There has been much discussion on how to tell Tom and Audrey apart.  This is not an easy feat.  Our very first Tom and Audrey pair looked completely different from each other, with Tom having a very black face and head, and Audrey having just a little sliver of black on her head.  They could be instantly identified and differentiated from each other.  This Tom and Audrey pair has become more and more difficult to tell apart as our Calico Tom has lost his calico.  Here are a couple of hints you can try to use to figure out who is who.





The above photo is Audrey last year.  Notice the white patch under her eye which breaks up the black mask.





The above photo is Tom last year.  The black continues all the way under his eye.




Above are Tom and Audrey together.  Tom is on the right, Audrey is on the left.  Use the markings under their eyes to tell them apart.  Very subtle, but there is a difference.  This photo is from last year.


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The above is a new photo from a couple of weeks ago, Tom is on the right, Audrey is on the left.  Tom has a very faint buff patch on the back of his head that is best seen when his feathers are ruffled.  The white patch under Audrey’s eye is quite noticeable in this photo.


Okay, your turn.  Identify the ospreys in the below photo:


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You should now be able to identify which osprey is Tom and which is Audrey. Remember where they are sitting


Here are some more photos from the above series:



Someone has decided that Mrs. COM has gotten too close and leaves. Who is it?


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Back to the nest she (hint) goes


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She (hint) arrives back at the nest, thinking Mrs. COM can’t get her now. Wrong!



Her partner decides he (hint) doesn’t feel like being the apple of Mrs. COM’s eye (camera eye), and also decides it is time to move on


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I need to line this up just right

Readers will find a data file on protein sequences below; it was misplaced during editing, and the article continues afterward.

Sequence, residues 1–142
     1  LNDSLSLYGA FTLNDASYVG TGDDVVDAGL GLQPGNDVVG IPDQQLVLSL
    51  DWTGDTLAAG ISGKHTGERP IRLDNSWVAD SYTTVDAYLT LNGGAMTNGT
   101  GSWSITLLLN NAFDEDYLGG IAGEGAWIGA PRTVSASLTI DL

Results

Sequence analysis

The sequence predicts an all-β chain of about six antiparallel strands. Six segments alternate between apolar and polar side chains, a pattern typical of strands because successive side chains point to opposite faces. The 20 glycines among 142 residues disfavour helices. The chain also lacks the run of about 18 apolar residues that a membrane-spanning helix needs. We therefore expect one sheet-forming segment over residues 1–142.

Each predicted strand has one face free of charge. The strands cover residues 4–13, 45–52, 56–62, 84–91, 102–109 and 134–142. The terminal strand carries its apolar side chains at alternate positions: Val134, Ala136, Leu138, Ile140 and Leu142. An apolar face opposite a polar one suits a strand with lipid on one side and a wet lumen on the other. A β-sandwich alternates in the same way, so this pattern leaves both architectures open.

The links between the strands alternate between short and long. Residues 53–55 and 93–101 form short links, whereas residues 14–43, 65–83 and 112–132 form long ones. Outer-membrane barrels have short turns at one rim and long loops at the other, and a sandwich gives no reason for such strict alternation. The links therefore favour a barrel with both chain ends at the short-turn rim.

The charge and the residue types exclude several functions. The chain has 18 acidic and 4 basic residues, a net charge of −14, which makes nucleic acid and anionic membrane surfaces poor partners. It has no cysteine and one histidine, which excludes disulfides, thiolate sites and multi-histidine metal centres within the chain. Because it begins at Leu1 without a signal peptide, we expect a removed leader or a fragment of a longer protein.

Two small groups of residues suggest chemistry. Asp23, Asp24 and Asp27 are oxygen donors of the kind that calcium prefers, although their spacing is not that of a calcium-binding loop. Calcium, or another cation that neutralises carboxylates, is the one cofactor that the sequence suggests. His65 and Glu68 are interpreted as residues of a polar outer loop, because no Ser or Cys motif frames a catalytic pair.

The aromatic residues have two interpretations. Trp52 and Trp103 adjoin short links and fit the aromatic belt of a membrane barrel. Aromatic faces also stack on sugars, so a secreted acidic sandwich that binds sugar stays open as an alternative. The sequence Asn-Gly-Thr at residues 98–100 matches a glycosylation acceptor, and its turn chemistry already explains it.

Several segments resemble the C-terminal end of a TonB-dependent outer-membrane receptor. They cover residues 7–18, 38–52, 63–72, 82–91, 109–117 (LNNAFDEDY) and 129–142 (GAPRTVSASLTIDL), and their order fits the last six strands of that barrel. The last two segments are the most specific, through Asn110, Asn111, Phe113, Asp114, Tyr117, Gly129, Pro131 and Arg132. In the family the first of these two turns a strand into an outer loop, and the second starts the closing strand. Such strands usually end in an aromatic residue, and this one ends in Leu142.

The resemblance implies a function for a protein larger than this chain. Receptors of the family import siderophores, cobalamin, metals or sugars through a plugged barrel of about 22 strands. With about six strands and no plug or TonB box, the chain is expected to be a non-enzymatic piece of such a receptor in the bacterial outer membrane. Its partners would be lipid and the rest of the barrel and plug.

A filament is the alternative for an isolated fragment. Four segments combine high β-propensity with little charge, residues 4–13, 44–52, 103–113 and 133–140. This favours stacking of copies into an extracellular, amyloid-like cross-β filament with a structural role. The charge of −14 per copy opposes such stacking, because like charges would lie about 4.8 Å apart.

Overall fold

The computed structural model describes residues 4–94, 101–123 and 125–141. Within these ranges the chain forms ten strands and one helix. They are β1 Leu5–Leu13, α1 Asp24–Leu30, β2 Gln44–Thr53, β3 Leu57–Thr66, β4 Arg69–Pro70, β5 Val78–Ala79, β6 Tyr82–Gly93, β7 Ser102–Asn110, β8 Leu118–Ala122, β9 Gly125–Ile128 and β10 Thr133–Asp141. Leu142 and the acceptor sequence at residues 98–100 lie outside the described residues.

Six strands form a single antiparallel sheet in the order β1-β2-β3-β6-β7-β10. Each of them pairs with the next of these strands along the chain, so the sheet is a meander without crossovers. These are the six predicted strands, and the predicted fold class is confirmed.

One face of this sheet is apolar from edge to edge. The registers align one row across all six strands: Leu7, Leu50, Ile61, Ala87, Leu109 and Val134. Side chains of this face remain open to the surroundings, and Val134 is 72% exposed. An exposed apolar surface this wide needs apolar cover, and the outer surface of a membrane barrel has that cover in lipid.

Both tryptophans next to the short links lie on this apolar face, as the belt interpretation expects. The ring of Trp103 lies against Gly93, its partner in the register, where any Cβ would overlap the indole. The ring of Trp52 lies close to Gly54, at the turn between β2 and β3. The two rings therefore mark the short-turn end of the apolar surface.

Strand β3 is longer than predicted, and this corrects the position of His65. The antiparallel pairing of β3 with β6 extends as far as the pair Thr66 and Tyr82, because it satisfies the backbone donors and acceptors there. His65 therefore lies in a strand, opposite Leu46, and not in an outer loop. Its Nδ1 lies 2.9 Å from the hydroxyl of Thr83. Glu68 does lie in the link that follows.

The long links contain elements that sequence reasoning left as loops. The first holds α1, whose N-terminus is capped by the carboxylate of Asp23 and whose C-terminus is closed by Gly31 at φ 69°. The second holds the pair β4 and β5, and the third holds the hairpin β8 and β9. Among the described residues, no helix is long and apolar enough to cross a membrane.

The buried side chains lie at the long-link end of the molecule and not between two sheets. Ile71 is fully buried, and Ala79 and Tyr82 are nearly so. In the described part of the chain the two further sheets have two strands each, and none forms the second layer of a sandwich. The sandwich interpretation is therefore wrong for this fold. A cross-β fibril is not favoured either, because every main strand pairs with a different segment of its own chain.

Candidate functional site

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Who’s on top? GIANT HINT


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Can’t a guy and girl get a little privacy around here? Can you tell us apart now? GIANT ENORMOUS BIOLOGICAL HINT!!!!!


COM witnessed quite a spectacle a few days ago while I was at work and he was lucky enough to be home at the secret location.  He heard a bunch of commotion, and looked out to see Tom and Audrey chasing an eagle.  Grabbing the camera, he began taking photos from inside.  The quality of this photo is not great, but you can clearly see the eagle on the bottom and two ospreys on top trying to chase the eagle away.  Go away, eagle, leave our ospreys alone!


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Ospreys on top chasing away eagle on bottom


The hour is late, and duty (read work) calls in the morning.  When next I write, there should be some very good news to explore.  But before I close, two last things.  First, I want to give a big shout out and thank you to two of our faithful watchers who both happen to be from Germany!  Thank you, Uta, for your help and guidance.  Thank you, Poppy, for all of the incredible work you do keeping us informed on the explore Chesapeake osprey page.  You are both such huge assets to all of us who love our ospreys!

Lastly, a phenomenal sunrise photo from last week:


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Thank you, Mother Nature!


Until next time, we remain,

Crazy Osprey Man, Mrs. Crazy Osprey Man and Osprey Girl


If you are enjoying the osprey camera an blog, please consider a donation to the Chesapeake Conservancy so they are able to continue supporting programs such as this one.  Go to today.  Thanks very much!